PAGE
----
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After critical report, N.S. promises to fine ambulance company for poor service


Nova Scotia's Health Department says it will fine the province's ambulance service if it fails to meet performance standards for response times.

Craig Beaton, an associate deputy minister, made the comments Wednesday before the legislature's public accounts committee, which was following up on a report last week from auditor general Kim Adair.

Adair found there was a lack of accountability in the ambulance service because no fines had been levied since the province's contract with Emergency Medical Care Inc. was renewed in 2021.

Beaton said his department is now accumulating system data that can help determine when poor ambulance performance can be attributed to the company.

"We are building our data capacity to independently look at that," he said. "It would be specific to the issue of the day, but if they are not meeting performance targets based on the contract then, yes, I would say there would be an opportunity to provide a fine to the company."

Beaton said the contract does set out exemptions for situations where the company can't meet response times because of things that are out of its control, such as weather.

Adair's report said the contract establishes acceptable response times -- the time from when a call is received to the ambulance's arrival -- based on the priority of the call and the community from which it is placed.

Her report found the average wait time for an ambulance in 2022 rose to 25 minutes from 14 minutes.

Adair said the poor response times were symptomatic of a system that had seen a 17 per cent escalation in 911 calls that required an ambulance over the last five years. Staff shortages that see available ambulances sit idle and temporary closures of emergency departments that divert patients to larger hospitals were also cited as factors.

Charbel Daniel, executive director of operations with Emergency Medical Care, told reporters outside the committee hearing that his company has no problem with penalties because it should be held accountable.

"We are not worried about penalties as long as the appropriate framework for that accountability is built in to properly measure," he said.

The report said that following two written warnings, the Health Department can impose a fine of $10,000 per month when a response time standard is not achieved. The fine can increase by $1,000 for every subsequent month the standard goes unmet.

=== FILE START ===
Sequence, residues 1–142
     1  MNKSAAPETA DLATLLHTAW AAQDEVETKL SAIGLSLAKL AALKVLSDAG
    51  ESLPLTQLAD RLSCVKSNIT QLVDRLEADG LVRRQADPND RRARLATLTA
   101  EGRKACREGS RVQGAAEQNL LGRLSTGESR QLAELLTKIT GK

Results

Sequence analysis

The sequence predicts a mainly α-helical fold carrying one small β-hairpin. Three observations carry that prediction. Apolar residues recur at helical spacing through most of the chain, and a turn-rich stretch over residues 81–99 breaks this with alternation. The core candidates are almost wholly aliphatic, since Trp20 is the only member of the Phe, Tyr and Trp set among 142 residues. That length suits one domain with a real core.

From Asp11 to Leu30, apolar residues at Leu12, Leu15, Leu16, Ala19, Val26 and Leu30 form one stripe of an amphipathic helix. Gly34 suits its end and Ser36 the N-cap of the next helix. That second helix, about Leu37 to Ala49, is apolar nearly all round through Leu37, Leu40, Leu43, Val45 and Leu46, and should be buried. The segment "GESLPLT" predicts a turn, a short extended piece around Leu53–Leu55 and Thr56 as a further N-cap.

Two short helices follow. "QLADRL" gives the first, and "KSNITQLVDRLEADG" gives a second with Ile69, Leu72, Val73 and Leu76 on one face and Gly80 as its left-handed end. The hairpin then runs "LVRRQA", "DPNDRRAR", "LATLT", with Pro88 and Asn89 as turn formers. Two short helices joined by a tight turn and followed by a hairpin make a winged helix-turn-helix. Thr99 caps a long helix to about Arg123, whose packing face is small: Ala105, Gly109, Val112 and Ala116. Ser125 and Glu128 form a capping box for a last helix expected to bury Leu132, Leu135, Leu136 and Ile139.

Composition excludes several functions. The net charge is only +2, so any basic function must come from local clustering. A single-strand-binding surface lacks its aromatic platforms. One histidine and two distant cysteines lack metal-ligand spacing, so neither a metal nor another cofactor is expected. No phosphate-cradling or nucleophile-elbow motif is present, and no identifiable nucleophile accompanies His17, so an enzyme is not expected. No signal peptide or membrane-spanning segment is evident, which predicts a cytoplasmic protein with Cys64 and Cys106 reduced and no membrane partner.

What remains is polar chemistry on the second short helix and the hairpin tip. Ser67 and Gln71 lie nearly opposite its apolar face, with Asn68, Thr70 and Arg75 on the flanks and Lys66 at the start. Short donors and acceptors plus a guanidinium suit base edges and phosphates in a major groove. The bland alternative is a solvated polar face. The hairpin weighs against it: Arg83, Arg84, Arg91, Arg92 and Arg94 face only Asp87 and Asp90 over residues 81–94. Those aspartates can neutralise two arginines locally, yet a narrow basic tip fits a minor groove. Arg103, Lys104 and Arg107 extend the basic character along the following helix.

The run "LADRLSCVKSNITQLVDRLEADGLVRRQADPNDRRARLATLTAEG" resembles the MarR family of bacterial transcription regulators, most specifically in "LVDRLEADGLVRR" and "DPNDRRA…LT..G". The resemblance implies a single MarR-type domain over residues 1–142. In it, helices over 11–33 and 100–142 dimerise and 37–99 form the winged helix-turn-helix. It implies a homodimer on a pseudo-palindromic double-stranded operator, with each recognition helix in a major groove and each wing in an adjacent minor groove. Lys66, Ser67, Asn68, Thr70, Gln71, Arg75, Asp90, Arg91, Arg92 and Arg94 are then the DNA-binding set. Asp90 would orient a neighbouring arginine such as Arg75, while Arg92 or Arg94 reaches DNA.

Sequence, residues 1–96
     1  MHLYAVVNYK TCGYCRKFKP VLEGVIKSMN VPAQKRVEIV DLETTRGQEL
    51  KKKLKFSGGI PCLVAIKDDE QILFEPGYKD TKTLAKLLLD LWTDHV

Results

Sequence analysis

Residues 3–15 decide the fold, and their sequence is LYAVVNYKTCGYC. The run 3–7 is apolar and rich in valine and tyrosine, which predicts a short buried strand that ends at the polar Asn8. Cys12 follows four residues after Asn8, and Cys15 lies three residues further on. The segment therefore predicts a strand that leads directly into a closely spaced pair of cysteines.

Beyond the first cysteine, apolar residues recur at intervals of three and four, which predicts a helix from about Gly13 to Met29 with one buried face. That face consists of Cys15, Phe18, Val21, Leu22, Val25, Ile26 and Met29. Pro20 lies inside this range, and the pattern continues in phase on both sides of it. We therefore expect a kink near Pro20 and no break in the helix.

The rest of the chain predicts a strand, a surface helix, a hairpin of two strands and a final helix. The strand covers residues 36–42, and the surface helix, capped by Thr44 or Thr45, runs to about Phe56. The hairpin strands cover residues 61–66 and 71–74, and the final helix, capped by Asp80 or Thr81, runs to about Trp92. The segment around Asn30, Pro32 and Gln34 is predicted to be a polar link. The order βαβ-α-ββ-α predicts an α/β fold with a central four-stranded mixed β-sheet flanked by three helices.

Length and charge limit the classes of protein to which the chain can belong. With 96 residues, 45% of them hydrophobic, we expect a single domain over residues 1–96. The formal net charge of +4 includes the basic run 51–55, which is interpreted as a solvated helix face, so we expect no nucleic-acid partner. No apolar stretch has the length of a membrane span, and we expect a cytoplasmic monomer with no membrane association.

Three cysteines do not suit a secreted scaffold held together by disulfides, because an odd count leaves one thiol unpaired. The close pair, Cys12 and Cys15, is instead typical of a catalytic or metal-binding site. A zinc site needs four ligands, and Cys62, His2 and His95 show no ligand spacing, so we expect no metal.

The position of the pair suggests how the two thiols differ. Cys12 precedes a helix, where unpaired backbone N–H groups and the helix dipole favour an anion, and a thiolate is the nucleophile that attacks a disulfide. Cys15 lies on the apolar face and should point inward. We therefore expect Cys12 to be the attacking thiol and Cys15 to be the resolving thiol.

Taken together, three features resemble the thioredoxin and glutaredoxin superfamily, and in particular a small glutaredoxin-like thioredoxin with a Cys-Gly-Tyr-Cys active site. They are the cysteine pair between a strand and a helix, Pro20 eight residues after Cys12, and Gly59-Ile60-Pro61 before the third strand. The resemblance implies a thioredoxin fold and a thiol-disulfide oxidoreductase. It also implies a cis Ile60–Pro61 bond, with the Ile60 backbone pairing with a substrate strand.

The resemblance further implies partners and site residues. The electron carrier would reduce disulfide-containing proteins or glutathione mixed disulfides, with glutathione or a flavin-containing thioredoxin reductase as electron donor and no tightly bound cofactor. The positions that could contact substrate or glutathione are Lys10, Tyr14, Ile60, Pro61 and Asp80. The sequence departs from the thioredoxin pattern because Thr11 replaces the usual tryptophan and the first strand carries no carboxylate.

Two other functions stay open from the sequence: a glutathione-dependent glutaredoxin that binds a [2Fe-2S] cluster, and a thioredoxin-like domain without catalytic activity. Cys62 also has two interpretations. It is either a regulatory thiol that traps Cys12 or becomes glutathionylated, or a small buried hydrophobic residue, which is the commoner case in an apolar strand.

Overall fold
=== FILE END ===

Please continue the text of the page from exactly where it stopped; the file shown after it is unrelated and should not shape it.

Daniel also told the committee that a tentative agreement on a new three-year contract had been reached with the union for paramedics as a result of talks that began in June.

He told reporters following the hearing that the deal was reached Sept. 26 and is currently being voted on by members of the International Union of Operating Engineers, which represents the paramedics. The current deal expires Oct. 31, and the vote result for the new agreement is expected Friday, Daniel said.

The auditor general's report found that wages for Nova Scotia's paramedics in 2022 were comparable with those in the other three Atlantic provinces. The starting hourly wage of $26 for a primary care paramedic and $31.06 for an advanced care paramedic was second to Newfoundland and Labrador, which had the highest rates.

However, in an appearance before public accounts in February 2022, the union said it was losing trained paramedics to provinces such as Ontario, where the top annual salary at that time for a primary care paramedic was close to $81,000 compared to just over $63,000 in Nova Scotia.

While no one would discuss details of the tentative deal, Beaton was asked whether he thinks it will help retain paramedics for the health system.

"I think we've seen in other professions that compensation is a direct influencer in terms of retention so it is certainly one of the interests that we have," he said.

This report by The Canadian Press was first published Oct. 4, 2023.

For more Nova Scotia news visit our dedicated provincial page. Top Stories


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